Can't afford that urban experience? Try buying a home in a second-tier downtown

Columbus city officials wanted to bring more people to their Ohio city's downtown. In the spring of 2011, they took a step closer to that goal, opening Columbus Commons, a 9-acre urban park on the site of the former City Center Mall, an indoor shopping mall that had long been dying.

Tom McGarity, managing principal of the Columbus office of commercial real estate firm Cassidy Turley, says that the move paid off. Today, downtown Columbus is a busy place, with residents -- especially younger ones - steadily moving into the area.

"The young professionals want to live in the city," McGarity said. "That's a change from the past. Before, they wanted to buy a home in the suburbs. Now they want to be in the city, in the heart of all the action."

This trend isn't limited to Columbus. The U.S. Census Bureau reported that in 2013 there were 2.3 million more people living in metropolitan areas than there were in 2012. The Census Bureau reported that 269.9 million people were living in cities and their immediate surrounding areas last year. According to the bureau, only 92 of the United States' 381 metropolitan areas saw their populations dip from 2012 to 2013.

Finding affordable downtown living

There is a problem, though. Renting an apartment in an urban downtown is one thing. But what if you want to buy a condo or single-family home in a major city's downtown? That can be expensive, with monthly mortgage payments out of the reach of many U.S. home buyers.

But there is a solution, one that McGarity and other real estate pros doing business in smaller, but still urban cities, recommend: Buy a home in the downtown of what is known as a second-tier market.

Homes in the downtown areas of major cities such as Chicago, New York City and Boston might be out of your price range. But what about homes in the downtowns of such smaller cities as Minneapolis, Milwaukee or St. Louis? These cities still offer plenty of amenities. If you live in their downtowns, you can still walk to public transportation, theaters, bars and restaurants. You can still ride your bike to parks and the local grocery store.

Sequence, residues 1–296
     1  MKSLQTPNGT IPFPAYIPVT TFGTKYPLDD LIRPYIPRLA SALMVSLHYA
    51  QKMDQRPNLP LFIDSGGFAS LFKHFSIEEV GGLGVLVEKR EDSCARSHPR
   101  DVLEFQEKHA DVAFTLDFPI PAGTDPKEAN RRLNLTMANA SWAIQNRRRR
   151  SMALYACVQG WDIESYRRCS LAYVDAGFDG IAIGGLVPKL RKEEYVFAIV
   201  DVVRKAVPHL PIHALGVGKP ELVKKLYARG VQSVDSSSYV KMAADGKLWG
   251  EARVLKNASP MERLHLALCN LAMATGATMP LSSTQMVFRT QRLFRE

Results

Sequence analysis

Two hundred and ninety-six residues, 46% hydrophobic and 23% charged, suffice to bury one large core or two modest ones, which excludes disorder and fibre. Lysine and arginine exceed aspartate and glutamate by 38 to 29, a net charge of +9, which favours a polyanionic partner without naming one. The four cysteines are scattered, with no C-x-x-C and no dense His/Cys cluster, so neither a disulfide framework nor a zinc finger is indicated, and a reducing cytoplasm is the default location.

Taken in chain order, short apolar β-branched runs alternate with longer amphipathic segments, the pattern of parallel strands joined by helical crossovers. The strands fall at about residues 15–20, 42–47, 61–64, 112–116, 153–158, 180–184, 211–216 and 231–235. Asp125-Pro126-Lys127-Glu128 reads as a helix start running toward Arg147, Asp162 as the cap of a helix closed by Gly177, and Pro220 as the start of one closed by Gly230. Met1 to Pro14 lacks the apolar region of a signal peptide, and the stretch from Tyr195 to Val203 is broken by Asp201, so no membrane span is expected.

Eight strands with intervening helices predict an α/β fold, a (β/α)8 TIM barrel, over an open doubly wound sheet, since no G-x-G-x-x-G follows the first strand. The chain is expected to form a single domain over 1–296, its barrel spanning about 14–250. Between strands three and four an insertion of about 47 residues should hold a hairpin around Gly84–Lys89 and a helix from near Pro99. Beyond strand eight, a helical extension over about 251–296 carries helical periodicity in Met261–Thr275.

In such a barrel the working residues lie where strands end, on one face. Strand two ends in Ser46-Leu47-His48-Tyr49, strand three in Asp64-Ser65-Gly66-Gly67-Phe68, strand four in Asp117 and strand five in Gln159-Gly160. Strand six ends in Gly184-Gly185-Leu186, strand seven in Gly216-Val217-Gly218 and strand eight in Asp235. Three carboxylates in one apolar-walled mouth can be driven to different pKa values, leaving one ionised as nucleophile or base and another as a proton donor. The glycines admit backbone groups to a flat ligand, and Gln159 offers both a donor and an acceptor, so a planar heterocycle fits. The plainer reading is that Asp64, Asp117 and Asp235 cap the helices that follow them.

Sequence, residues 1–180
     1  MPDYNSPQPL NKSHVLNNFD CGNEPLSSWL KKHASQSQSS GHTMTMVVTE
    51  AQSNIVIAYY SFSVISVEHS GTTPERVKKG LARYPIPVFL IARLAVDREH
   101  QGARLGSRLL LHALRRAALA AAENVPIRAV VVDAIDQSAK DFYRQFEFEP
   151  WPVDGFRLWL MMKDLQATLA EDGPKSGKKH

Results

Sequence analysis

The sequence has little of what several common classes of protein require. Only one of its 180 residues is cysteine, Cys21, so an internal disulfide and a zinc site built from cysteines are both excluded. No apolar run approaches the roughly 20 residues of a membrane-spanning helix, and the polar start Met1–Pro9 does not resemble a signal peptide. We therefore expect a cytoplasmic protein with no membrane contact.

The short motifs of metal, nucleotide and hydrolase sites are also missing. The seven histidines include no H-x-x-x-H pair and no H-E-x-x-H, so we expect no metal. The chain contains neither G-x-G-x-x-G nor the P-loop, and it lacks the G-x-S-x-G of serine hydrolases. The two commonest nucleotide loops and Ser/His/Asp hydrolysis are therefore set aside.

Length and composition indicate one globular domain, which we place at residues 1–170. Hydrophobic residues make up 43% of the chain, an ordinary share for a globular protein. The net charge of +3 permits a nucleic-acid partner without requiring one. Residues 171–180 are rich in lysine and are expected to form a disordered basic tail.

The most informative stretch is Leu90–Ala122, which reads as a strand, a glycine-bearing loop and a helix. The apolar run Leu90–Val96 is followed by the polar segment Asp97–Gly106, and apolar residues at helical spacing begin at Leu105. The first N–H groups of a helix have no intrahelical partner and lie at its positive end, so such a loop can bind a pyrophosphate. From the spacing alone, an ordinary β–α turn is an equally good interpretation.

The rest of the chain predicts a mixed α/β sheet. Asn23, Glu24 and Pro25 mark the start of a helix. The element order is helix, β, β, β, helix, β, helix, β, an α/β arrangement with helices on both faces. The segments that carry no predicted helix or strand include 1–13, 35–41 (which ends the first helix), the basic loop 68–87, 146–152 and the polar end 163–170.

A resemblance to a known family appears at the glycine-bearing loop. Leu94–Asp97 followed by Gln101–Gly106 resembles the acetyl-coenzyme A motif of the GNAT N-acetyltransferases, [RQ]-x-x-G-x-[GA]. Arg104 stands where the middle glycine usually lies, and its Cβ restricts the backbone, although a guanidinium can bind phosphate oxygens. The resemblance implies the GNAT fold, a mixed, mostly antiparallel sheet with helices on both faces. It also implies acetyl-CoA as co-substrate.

But you won't be paying nearly as much -- and you'll face much smaller mortgage payments -- if you get your urban experience in one of these second-tier markets.

Living well on 1/3 the cost

Consider a recent study that calculated the annual salary buyers need to afford the principal and interest payments for the mortgage on a median-priced home in 27 U.S. metropolitan areas.

In New York City, you'd need a yearly salary of more than $89,000 to afford the interest and principal payments on a median-priced home, according the study. And remember, this doesn't include insurance or the sky-high property taxes that come with living in New York City.

But if you instead choose to live in the metro area of Cleveland, you'd need a yearly salary of just $30,000. And in St. Louis you'd need to make an annual salary of about $31,000.

The lesson is clear: You are far more likely to be able to afford the urban experience if you buy a home and take out a mortgage loan in cities that don't quite draw the attention of a downtown New York City or San Diego.

Consider outlying communities as well

Kevin Gallegos, vice president of Phoenix operations with Freedom Financial Network, recommends that home buyers who want that urban feel go a step further and explore certain "suburban urban" areas, suburbs located close to major cities that also feature their own walkable downtowns.

The Chicago area, as an example, features many of these areas, such as Naperville, Ill. The suburb is located a reasonable train ride from downtown Chicago, but it also boasts its own thriving downtown area filled with restaurants, boutique shops and bars. In the Los Angeles area, similar "suburban urban" choices can be found in areas such as Arcadia or Pasadena.

"Live within your means," Gallegos said. "Easier said than done, but learning to not spend more than you have will allow for a lifetime of lower stress and greater happiness."

Dan Rafter has been covering mortgage financing and real estate news for 15 years. He's written for such publications as the Chicago Tribune, Washington Post, Consumers Digest, BusinessWeek Online and Business 2.0 Magazine.

Published on April 17, 2008